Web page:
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At the end when Subedar orders his men to break down the door and enter the factory by force, Abu Miyan is shown reading Namaz, and abruptly Mehta frames the struggle as essentialist, masking over a complicated ideological bind that may seem officious when simplifying the struggle as a battle between the forces of good (religious sentiments) and evil (colonial brutes). Nonetheless, Mehta does not allow this romantic ellipsis to distract from the final shot, an epic freeze frame of a defiant Sonbai, looking at us with an indescribable fury as a swathe of red chilli powder wafts through the air like some supernatural entity. This has now become an iconic moment in Indian Cinema, potently encapsulating a history of gender oppression.

Mirch Masala will be screening on Zee Classic: Sat 23 July at 10pm

SADGATI / DELIVERANCE (Dir. Satyajit Ray, 1981, India) – High and Low


 

 

 

 

 

 

 

 

 

 

 

Pikoo (1980) and Sadgati (1981) were short films Ray directed for television, marking his shift into the 1980s and both acting as precursors to his 1983 full length feature Ghaire Bhaire. Whilst Pikoo was made for French television, Sadgati was based on a story by writer Prem Chand whom Ray was familiar with from his adaptation of The Chess Players and funded by Doordarshan, a new state run television company. I have yet to see Pikoo and have read from Andrew Robinson’s book that it is a film about the gaze of an innocent. I hope I can see it on a good print one day. Sadgati, translating as Deliverance, lasts for fifty minutes and contains very little dialogue yet is as accomplished and powerful as his masterworks including even The Apu trilogy. The story is located in rural India in a small village and concerns the relationship between a lower caste tanner Dukhi (Om Puri) and a Brahmin Priest Ghashiram (Mohan Agashe). Before his daughter is married, Dukhi needs the approval and blessings of the Brahmin Priest to set an auspicious date but when Dukhi goes to ask Ghashriam to come to his house for the ceremony, the priest takes it upon himself to exploit Dukhi’s predicament by forcing him to complete various chores. Having instructed his wife Jhuria (Smita Patil) and daughter Dhania to anticipate their arrival with food, Dukhi complies with the orders of his master, the Brahmin Priest. He begins by sweeping the outside of the house then lifting sacks of wheat but when it comes to the ardous task of chopping firewood, Dukhi comes undone.

However, Dukhi’s sorrows are made much worse when Ghashriam catches Dukhi asleep in the afternoon sun exhausted from fatigue and hunger. Incensed by Dukhi’s apparent insolence, Ghashriam berates him and forces him back to work. In one last moment of desperation Dukhi attempts to chop the wood but having had nothing to eat all day and suffering from an illness, Dukhi falls down dead. Panic sets in for Ghashriam as the removal of Dukhi’s body becomes imperative if the high caste villagers are to carry on as normal but none of them can touch the body as this would mean becoming contaminated in some way. Ghashriam sheepishly pleads to the lower caste workers to remove the body but they ignore his command in light of another fellow worker who was witness to the painful destruction of Dukhi. Such are the horrors brought on by village orthodoxy, Dukhi’s corpse becomes a symbol of rural depravity and the caste system. When Jhuria discovers her husband is dead she breaks down and mourns his loss but even she cannot move his body. Finally, to avoid being directly implicated in the death of Dukhi, Ghashriam using ropes, and using a stick to touch the body, drags the corpse away from the village, dumping it in a field of rotten carcasses. In a final act of vitriolic caste politics, Ghashriam decontaminates the ground upon which Dukhi died and corpse lay with droplets of holy water.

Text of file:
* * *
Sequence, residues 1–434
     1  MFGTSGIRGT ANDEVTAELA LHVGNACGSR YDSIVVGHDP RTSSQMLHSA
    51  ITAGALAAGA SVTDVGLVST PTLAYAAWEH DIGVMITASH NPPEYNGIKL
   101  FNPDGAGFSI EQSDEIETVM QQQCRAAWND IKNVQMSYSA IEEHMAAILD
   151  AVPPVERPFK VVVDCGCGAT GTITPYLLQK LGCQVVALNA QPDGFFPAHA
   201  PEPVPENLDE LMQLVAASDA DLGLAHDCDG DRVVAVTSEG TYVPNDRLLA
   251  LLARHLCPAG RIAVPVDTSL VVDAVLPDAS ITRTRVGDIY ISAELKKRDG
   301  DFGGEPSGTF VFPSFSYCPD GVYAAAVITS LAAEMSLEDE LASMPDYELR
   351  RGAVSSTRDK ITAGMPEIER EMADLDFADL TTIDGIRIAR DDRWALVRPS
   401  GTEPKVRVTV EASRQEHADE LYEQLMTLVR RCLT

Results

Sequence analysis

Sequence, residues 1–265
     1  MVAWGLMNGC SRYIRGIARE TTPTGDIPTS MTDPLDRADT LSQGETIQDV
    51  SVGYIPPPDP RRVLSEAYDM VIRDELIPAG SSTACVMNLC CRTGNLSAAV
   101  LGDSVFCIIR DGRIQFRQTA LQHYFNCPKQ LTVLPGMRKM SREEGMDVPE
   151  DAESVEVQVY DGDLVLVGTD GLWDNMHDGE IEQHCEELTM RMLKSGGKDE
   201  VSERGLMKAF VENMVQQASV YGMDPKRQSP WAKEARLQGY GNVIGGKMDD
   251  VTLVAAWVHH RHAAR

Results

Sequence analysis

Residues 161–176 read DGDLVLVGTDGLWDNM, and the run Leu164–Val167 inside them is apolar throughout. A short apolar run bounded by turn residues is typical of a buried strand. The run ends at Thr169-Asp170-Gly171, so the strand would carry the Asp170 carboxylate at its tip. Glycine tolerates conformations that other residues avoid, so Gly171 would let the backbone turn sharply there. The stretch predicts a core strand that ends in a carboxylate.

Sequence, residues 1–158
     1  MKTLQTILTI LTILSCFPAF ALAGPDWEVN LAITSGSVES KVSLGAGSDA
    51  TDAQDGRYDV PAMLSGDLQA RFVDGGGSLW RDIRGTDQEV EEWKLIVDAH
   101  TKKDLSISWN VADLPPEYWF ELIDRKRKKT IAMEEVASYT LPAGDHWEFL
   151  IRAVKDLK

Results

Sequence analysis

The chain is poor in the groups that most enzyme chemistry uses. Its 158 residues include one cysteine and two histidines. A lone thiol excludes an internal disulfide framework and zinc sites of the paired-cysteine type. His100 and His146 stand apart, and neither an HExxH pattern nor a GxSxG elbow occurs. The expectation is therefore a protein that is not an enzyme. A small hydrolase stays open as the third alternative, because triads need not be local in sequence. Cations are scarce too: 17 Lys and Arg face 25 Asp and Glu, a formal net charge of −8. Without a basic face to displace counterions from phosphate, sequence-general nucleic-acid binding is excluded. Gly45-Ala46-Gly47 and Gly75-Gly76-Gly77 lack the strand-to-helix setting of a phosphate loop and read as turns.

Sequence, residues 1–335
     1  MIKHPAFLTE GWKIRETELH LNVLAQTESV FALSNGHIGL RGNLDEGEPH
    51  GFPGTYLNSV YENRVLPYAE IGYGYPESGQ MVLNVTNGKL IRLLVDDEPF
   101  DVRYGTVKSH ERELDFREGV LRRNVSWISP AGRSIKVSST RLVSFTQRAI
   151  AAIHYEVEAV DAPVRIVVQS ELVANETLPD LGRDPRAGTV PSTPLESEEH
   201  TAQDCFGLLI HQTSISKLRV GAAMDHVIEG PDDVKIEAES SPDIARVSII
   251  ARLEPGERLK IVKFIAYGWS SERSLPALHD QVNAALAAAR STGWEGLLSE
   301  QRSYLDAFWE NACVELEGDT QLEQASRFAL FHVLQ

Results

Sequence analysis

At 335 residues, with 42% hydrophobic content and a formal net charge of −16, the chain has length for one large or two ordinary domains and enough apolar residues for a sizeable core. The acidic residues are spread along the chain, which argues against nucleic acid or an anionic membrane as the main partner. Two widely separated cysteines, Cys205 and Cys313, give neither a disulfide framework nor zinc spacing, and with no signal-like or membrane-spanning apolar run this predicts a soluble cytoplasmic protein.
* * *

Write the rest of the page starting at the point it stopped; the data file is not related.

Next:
What is brilliant about Ray’s approach to the story is that it all plays like a piece of silent film. Unfiltered, prolonged and detailed throughout, the neo realist tone is poetically evoked by the incredible rhythm of the narrative over which Ray has terrifyingly precise control. Whilst Ray was critical of what he saw as a New Indian Cinema in love with European art cinema, the work of Shyam Benegal was one film maker that impressed Ray in many ways especially his command of actors that included Shabana Azmi and Smita Patil with whom he would also collaborate. Ray has said himself that his early films were not political and whilst he was one of the first Indian film makers to turn the lens on the imperfections and wonders of village life, Benegal’s rural trilogy beginning with the seminal Ankur in 1974 offered a somewhat radical politicisation of rural cultural values. In many ways, Sadgati should be viewed as a reply by Ray to his contemporaries at such a particular moment in time, proving quite brilliantly that polemicizing such political discourse did not necessarily equate to great storytelling and cinema.

I got the distinct impression whilst watching Sadgati that Ray was inadvertently responding to the directors of New Indian Cinema as if to articulate his own vehemently angry and outspoken ideological position on the politics of rural India. Ray had originally intended to make a documentary on the issue of child labour but was met with opposition from the government which was trying to actively discourage and effectively prevent film makers from representing such deeply important social issues like poverty on screen. Sadgati was a response, small scale though, to such critics alike and the fact it was filmed in Hindi for a television audience seemed to suggest Ray was reaching out to a much bigger audience. Interestingly, all three of the main leads including Om Puri, Smita Patil and Mohan Agashe were all regular collaborators with Shyam Benegal and their collective presence offers a concrete link to such cinema. Ray takes a very visible observational approach to the action and the camera rarely moves, resulting in a stillness that complements the slow and at times languid pace of village life. Sadgati is available on DVD in the UK as part of a 3 DVD set released by Artificial Eye.